Love in the time of pornography: an interview with Emily Southwood
En prévision de notre conférence avec Emily Southwood prévue le 25 avril 2014, nous lui avons posé quelques questions à propos de la sexualité, de la littérature et du féminisme.
Leading up to Emily Southwood’s talk on April 25th, we asked her a few questions about our monthly theme “Sex”!
Many classical authors and philosophers have established a link between sexuality and creativity. Freud, most notably, wrote extensively about our libido and our desire to accomplish great things. In writing about sex and pornography, how do you feel creativity relates to sexuality?
I’ve heard of the whole sublimation of primal, sexual energy into higher pursuits thing. Freud was a bit of a misogynist, so I wonder if he figured women into his theory. I personally don’t think I get any more creative energy when I’m repressing my base desires; they can coexist simultaneously.
Then again, I’m pretty repressed to begin with, which is why I channeled my discomfort around porn and sexuality into writing a book about porn and sexuality. I do know for sure that Freud was right about the whole penis envy bit.
While I was writing Prude I kept thinking: A penis would really help me get into the minds of men and what they think about porn. Damn, I wish I had me that penis to watch this MILF scene with.
Today more than ever, sexuality is at the forefront of our collective literary output. So much so that books like Fifty shades of grey, which is nothing short of written erotica, can become an international bestseller. As an author, what is your take on this recent “mainstreamism” of sex-oriented literature?
There’s no question that Fifty-Shades filled a niche and resonated with an enormous number of readers. But it’s still kind of a mystery to me why the world buzzed so much about this book, and not, say, Danielle Steel’s latest saucy tale. (I guess Fifty Shades is racier?)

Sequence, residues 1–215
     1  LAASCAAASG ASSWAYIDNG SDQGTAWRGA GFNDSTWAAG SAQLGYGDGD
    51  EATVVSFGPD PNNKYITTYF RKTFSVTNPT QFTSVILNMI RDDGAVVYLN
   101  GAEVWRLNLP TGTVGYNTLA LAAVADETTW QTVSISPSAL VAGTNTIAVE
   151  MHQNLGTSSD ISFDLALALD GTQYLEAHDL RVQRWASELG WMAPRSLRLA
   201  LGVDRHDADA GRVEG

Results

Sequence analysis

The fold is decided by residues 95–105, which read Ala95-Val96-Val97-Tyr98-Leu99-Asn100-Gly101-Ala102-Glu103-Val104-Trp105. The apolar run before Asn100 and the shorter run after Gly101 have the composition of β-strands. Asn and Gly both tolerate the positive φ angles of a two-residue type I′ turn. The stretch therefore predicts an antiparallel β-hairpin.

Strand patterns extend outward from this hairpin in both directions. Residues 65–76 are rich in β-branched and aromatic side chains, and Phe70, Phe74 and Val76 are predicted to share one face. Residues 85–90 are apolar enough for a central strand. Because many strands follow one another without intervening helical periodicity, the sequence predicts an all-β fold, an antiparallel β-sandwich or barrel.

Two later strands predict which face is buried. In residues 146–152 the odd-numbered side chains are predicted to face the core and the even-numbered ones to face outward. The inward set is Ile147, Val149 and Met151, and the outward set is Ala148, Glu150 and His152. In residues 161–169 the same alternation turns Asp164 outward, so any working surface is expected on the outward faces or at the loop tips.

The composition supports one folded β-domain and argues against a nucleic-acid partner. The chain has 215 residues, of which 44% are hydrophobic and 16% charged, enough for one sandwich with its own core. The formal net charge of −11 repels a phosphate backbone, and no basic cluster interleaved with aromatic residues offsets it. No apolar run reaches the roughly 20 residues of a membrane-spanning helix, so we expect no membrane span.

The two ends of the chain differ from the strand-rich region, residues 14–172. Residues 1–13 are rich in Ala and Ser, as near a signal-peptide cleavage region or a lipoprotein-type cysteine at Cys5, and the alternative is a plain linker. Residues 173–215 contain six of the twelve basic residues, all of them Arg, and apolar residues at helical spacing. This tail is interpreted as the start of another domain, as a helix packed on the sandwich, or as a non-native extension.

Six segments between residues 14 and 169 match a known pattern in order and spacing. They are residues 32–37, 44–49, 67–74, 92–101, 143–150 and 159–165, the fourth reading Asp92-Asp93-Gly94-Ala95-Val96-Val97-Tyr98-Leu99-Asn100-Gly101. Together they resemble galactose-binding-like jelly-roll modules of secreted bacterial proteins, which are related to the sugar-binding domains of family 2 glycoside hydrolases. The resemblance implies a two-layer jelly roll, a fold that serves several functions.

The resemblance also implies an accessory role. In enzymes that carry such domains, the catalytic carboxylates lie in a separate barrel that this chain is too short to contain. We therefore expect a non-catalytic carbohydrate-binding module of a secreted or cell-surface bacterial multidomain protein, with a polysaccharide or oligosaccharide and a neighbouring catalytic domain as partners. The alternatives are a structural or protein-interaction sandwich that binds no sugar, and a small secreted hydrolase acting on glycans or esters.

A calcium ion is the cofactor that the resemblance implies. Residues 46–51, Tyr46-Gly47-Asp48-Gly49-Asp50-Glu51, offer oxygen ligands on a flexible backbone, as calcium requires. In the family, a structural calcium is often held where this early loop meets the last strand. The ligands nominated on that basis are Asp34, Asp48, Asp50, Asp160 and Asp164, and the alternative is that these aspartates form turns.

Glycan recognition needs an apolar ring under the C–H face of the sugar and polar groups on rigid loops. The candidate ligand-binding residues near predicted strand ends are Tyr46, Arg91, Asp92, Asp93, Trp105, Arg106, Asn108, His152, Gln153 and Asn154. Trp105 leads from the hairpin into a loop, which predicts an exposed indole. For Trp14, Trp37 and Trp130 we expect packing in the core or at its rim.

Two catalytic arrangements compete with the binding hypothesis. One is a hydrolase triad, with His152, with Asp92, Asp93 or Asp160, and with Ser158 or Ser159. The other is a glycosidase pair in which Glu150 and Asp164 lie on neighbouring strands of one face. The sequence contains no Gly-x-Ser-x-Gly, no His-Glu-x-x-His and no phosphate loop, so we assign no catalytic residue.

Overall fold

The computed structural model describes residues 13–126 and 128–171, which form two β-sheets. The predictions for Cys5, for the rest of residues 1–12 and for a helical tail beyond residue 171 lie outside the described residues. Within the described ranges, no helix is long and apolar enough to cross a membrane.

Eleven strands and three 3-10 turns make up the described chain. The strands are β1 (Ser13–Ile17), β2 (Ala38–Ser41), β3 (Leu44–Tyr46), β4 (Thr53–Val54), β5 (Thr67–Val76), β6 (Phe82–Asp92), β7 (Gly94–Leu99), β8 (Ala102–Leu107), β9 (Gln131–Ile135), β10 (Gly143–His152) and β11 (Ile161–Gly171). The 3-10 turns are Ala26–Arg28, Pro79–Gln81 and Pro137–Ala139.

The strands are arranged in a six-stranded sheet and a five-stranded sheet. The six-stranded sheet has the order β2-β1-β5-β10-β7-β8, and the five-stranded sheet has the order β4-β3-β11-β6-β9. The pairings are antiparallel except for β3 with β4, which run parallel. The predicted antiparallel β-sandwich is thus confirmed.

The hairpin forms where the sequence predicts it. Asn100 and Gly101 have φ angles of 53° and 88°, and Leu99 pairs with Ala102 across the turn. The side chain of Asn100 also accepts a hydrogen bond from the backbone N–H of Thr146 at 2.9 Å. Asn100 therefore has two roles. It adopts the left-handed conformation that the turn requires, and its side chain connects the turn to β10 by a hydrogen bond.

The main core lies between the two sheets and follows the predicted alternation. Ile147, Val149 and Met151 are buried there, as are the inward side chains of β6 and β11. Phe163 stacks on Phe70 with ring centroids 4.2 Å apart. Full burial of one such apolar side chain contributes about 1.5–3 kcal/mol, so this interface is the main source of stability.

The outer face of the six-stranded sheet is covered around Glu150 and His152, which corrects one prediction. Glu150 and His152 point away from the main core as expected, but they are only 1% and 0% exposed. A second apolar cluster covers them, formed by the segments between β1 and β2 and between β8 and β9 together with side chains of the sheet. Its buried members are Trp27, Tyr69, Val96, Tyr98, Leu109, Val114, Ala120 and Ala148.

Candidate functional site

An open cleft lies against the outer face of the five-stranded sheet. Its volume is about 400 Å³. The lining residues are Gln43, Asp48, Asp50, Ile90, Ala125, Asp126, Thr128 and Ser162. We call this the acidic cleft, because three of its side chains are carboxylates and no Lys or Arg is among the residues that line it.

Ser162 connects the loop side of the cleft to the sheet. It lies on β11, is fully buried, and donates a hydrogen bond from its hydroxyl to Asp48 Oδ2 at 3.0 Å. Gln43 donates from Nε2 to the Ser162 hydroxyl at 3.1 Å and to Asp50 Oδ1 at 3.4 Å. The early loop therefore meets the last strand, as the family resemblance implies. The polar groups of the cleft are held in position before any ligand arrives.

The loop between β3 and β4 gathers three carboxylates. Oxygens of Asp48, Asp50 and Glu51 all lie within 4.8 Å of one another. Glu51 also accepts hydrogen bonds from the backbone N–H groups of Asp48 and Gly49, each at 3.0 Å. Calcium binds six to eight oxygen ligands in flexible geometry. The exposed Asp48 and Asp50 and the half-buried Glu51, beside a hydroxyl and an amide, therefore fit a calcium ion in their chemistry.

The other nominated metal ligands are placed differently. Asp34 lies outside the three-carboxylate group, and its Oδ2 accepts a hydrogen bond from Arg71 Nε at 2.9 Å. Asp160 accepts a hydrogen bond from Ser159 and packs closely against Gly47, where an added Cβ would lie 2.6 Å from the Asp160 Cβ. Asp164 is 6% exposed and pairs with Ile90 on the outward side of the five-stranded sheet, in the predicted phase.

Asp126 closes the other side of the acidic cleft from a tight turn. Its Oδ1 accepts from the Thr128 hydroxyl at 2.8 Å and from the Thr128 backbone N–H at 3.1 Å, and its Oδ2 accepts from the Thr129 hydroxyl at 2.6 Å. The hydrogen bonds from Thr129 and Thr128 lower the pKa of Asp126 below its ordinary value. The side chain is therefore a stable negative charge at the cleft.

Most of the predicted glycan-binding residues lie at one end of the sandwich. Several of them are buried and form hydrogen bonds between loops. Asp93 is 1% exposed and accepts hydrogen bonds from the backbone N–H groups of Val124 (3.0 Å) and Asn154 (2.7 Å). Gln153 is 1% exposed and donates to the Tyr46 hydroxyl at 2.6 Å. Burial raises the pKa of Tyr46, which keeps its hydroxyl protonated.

In any case, readers, especially female ones, have been thumbing through erotica for as long as it’s been available in the mainstream, even back when they were reading banned copies of Lady Chatterley’s Lover.
Personally, I think there’s something incredibly sexy and even subversive in reading about sex. It’s quite different than the close ups of hard core porn. There’s more left to the imagination and perhaps that connects with women. Plus, you can read it on the subway.
That said, there is nothing subversive about the plot of Fifty Shades. Take out the S&M and you have a really stereotypical tale— a young, beautiful-but-overlooked woman, a rich, handsome- but-troubled older man, she wants to fix him, blar de blar.
But hey, whatever floats your boat. Women and men alike enjoy their silly cliches in porn.
Montreal and Los Angeles both openly promote diverse sexual services, and are active platforms for the blooming pornographic industry. As you have lived in both cities, how would you compare them in this light?
I’d honestly never thought about this! My book is called Prude after all. While strip clubs and sex shops are ubiquitous in Montreal, I’ve never really been aware of Montreal’s porn industry per se. Someone once told me there’s quite a bit of porn being shot on the upper floors of Parc Avenue; I have no idea if that’s true.
In LA, I drove by the Vivid Entertainment sign on the 101 Freeway daily. It’s widely known that the San Fernando Valley is an epicenter of smut. It’s also home to family-friendly Universal Studios.
Because of my husband’s brush with the porn industry, I’m aware that lots of porn is shot in random hotel rooms, poolside at rented homes, and in downtown lofts.
Porn producers don’t want you to know where it’s happening, nor does the public actually care to confront this reality. In effect it’s a mutual hush hush agreement in both cities, even though we all know it’s there.
How have the experiences you depict in the book and the publishing process per se influenced your point of view on feminism? Does your perspective on womanhood and gender equality, differ from what you thought 5 years ago?
My perspectives have changed tremendously in the last five years. I used to have more of a knee-jerk, what I once considered feminist, association of porn being degrading and demeaning to women. And I probably wouldn’t have figured that most porn stars actively selected their vocation as top choice.
My biggest eye opener was seeing that many of the performers Robbie worked with enjoy what they do. I no longer put myself on the moral high ground of presuming to know a porn star or assuming they are making a disenfranchised choice. I also now think the men in porn have an extremely tough job. Seriously! It’s a ton of pressure for the dudes and the pay isn’t nearly as good.
Overall, I’m more pro-porn than I once was and less judgmental regardless of what isn’t my cup of tea. But that doesn’t mean I still don’t have my opinions and particular qualms. I think porn can warp our expectations of sex and put a lot of perceived pressure on women and men alike. I think addressing these byproducts of the industry are people issues, not just womanhood issues.